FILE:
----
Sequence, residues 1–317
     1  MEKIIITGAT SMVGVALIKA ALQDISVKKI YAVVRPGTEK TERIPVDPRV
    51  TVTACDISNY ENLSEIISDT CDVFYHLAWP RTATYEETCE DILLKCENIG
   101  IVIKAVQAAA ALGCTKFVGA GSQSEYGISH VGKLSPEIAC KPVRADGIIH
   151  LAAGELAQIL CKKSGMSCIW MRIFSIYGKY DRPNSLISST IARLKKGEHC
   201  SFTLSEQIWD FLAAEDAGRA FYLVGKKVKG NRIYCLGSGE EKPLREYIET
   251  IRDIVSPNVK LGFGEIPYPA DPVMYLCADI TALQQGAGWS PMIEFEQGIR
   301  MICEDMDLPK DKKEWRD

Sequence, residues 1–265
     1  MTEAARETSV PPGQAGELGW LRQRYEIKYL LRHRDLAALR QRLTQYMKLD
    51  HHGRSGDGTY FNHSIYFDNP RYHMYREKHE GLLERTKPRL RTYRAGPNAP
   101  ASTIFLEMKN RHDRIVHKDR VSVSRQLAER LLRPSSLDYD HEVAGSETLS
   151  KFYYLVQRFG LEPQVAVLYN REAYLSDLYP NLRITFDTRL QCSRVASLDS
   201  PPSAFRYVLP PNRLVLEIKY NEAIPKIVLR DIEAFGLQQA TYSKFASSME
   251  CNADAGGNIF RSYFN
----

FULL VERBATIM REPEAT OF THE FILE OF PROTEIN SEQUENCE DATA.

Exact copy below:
Sequence, residues 1–317
     1  MEKIIITGAT SMVGVALIKA ALQDISVKKI YAVVRPGTEK TERIPVDPRV
    51  TVTACDISNY ENLSEIISDT CDVFYHLAWP RTATYEETCE DILLKCENIG
   101  IVIKAVQAAA ALGCTKFVGA GSQSEYGISH VGKLSPEIAC KPVRADGIIH
   151  LAAGELAQIL CKKSGMSCIW MRIFSIYGKY DRPNSLISST IARLKKGEHC
   201  SFTLSEQIWD FLAAEDAGRA FYLVGKKVKG NRIYCLGSGE EKPLREYIET
   251  IRDIVSPNVK LGFGEIPYPA DPVMYLCADI TALQQGAGWS PMIEFEQGIR
   301  MICEDMDLPK DKKEWRD

Sequence, residues 1–265
     1  MTEAARETSV PPGQAGELGW LRQRYEIKYL LRHRDLAALR QRLTQYMKLD
    51  HHGRSGDGTY FNHSIYFDNP RYHMYREKHE GLLERTKPRL RTYRAGPNAP
   101  ASTIFLEMKN RHDRIVHKDR VSVSRQLAER LLRPSSLDYD HEVAGSETLS
   151  KFYYLVQRFG LEPQVAVLYN REAYLSDLYP NLRITFDTRL QCSRVASLDS
   201  PPSAFRYVLP PNRLVLEIKY NEAIPKIVLR DIEAFGLQQA TYSKFASSME
   251  CNADAGGNIF RSYFN